‘Notable’ June job gains don’t include public education employment

Table of Contents

Dive Brief:

  • A monthly employment report released by the U.S. Department of Labor shows “notable job gains” for the education sector in June, but the numbers indicate public education employment changed little throughout the month.
  • An increase of 70,000 local public education jobs was partially offset by 25,000 job losses in state government education, making the overall number of public education jobs gained around 45,000.
  • Meanwhile, employment in private education increased by 93,000 in the same time period. 

Dive Insight:

The losses, according to the report, could be in part due to the seasonal changes in education, which sees cyclical dips of about 20% in employment over the summer months. 

However, unemployment in public education is still significantly higher compared to this time last year. State education unemployment is up by almost 10% compared to June 2019, and local education unemployment is 7.5% more than this time last year, according to seasonally adjusted data. 

Still, education job losses in June slowed significantly since May, which saw steep declines in both local and state public education employment. Employment in private education increased during both months. 

The U.S. Department of Education cited the closure of “nearly 100” private schools during the release of its final rule on Coronavirus Aid, Relief, and Economic Security Act funds in June, which requires districts to set aside a share for local private schools that varies based on how<?> the money is used in public schools.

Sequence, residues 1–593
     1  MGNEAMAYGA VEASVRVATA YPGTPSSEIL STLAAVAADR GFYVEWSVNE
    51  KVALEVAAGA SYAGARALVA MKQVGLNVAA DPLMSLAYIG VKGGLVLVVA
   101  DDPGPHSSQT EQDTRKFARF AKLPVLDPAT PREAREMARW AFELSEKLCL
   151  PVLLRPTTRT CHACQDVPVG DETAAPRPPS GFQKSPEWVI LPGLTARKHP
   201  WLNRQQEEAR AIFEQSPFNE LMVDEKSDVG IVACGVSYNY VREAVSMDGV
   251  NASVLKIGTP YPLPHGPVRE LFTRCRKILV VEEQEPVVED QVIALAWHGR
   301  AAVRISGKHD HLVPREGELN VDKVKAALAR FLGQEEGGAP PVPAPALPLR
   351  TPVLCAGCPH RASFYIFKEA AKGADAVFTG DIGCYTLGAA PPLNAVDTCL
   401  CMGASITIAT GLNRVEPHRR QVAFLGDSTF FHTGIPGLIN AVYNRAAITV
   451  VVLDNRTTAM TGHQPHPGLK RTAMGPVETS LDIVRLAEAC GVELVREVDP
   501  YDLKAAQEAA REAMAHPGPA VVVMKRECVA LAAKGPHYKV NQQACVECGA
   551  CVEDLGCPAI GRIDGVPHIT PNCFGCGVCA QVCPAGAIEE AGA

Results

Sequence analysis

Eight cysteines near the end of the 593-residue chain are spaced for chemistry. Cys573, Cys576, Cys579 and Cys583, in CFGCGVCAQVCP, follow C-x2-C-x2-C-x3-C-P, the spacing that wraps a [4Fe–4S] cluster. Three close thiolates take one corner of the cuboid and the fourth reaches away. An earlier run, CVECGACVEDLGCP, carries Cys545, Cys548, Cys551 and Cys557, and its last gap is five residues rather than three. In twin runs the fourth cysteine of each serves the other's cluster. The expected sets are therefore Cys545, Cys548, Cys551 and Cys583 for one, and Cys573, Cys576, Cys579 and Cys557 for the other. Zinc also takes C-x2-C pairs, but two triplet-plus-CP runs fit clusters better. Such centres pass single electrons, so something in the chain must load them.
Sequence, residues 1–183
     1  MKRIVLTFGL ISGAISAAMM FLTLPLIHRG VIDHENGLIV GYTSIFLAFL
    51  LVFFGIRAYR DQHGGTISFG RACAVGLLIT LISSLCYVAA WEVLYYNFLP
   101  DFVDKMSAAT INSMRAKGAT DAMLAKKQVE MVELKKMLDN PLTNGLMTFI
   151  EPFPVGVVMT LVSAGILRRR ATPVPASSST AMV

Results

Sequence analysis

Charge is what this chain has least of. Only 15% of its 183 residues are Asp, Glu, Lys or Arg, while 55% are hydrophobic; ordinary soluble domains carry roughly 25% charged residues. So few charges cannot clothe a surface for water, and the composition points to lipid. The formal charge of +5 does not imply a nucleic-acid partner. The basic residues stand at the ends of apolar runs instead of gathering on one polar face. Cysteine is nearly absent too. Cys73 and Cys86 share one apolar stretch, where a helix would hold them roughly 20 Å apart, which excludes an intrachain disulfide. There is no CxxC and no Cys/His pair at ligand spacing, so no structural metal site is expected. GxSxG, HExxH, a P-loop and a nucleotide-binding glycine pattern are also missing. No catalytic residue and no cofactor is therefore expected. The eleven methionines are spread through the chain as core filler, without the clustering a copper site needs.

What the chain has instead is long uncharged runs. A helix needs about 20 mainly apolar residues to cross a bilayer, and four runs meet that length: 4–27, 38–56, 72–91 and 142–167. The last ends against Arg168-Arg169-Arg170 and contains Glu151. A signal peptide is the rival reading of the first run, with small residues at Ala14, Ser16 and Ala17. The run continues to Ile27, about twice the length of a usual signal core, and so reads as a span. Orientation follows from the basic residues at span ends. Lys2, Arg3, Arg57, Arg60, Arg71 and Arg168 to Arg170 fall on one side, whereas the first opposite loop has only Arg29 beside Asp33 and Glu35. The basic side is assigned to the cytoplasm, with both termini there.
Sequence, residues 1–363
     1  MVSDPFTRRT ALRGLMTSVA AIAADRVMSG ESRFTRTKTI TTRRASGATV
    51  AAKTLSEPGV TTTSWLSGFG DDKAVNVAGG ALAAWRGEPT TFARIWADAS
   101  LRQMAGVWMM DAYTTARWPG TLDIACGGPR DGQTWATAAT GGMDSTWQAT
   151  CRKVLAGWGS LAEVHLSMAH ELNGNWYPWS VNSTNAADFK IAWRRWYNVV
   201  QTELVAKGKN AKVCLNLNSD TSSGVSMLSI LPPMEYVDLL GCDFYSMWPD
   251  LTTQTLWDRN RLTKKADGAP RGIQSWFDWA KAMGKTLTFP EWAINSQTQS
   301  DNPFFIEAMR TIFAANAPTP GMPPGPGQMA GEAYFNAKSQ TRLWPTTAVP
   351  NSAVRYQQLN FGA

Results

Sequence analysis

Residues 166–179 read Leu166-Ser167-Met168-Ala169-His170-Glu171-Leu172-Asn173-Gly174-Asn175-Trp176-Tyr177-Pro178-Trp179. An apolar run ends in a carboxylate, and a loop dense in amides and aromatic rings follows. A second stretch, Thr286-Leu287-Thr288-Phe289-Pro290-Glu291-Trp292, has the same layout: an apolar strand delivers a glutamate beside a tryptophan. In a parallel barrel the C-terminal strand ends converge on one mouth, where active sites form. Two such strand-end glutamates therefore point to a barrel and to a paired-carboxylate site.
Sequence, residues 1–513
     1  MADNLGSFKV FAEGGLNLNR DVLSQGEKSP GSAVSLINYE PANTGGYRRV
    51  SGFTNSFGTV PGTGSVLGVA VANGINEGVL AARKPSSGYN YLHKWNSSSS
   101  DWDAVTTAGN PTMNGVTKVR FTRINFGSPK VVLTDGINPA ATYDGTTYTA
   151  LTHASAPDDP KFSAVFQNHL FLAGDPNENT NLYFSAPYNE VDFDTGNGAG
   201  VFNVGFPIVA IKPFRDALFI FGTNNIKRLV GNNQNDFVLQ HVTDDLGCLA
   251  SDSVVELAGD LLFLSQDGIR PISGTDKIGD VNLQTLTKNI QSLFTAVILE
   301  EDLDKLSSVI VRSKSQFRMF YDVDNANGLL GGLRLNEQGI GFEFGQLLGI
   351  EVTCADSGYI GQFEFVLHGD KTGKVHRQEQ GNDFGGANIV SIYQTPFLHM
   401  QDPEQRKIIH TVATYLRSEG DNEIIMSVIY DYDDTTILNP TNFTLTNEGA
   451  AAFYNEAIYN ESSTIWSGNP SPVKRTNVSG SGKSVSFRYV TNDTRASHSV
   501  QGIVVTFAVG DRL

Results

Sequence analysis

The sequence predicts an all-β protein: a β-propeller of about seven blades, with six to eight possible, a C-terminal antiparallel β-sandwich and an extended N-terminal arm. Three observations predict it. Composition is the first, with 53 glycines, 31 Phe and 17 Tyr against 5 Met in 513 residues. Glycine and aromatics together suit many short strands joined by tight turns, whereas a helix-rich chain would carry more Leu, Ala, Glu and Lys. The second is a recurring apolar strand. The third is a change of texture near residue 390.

But trends since April show employment in private education has steadily increased while employment in public education overall has declined. 

Nearly 759,000 public school employees across the country have already lost their jobs since March 2020, according to the Bureau of Labor Statistics. Those were mostly due to furloughs or temporary layoffs, according to the nonprofit Pew Charitable Trusts, which said districts made significant cuts to noninstructional hourly staff, such as bus drivers and maintenance workers.

Those could turn permanent in the face of budget cuts, which many are bracing for in the wake of tax revenue shortfalls. 

According to the Center on Budget and Policy Priorities, early state projections suggest revenue shortfalls for the new fiscal year, which began July 1 for most states, could be equal to or more than the worst year of the Great Recession. The progressive think tank has predicted $615 billion in state budget shortfalls between fiscal years 2020 and 2022.

If the economic downturn goes unchecked, education could be slated to lose 1.89 million education jobs over the next three years, according to estimates by the National Education Association.

Federal legislation that passed the House of Representatives last week would invest $130 billion in school infrastructure as districts seek to reopen schools for the fall; it is awaiting a vote in the Senate. However, since the passage of CARES, no legislation providing significant education funding has made it to the president’s desk.

Source Article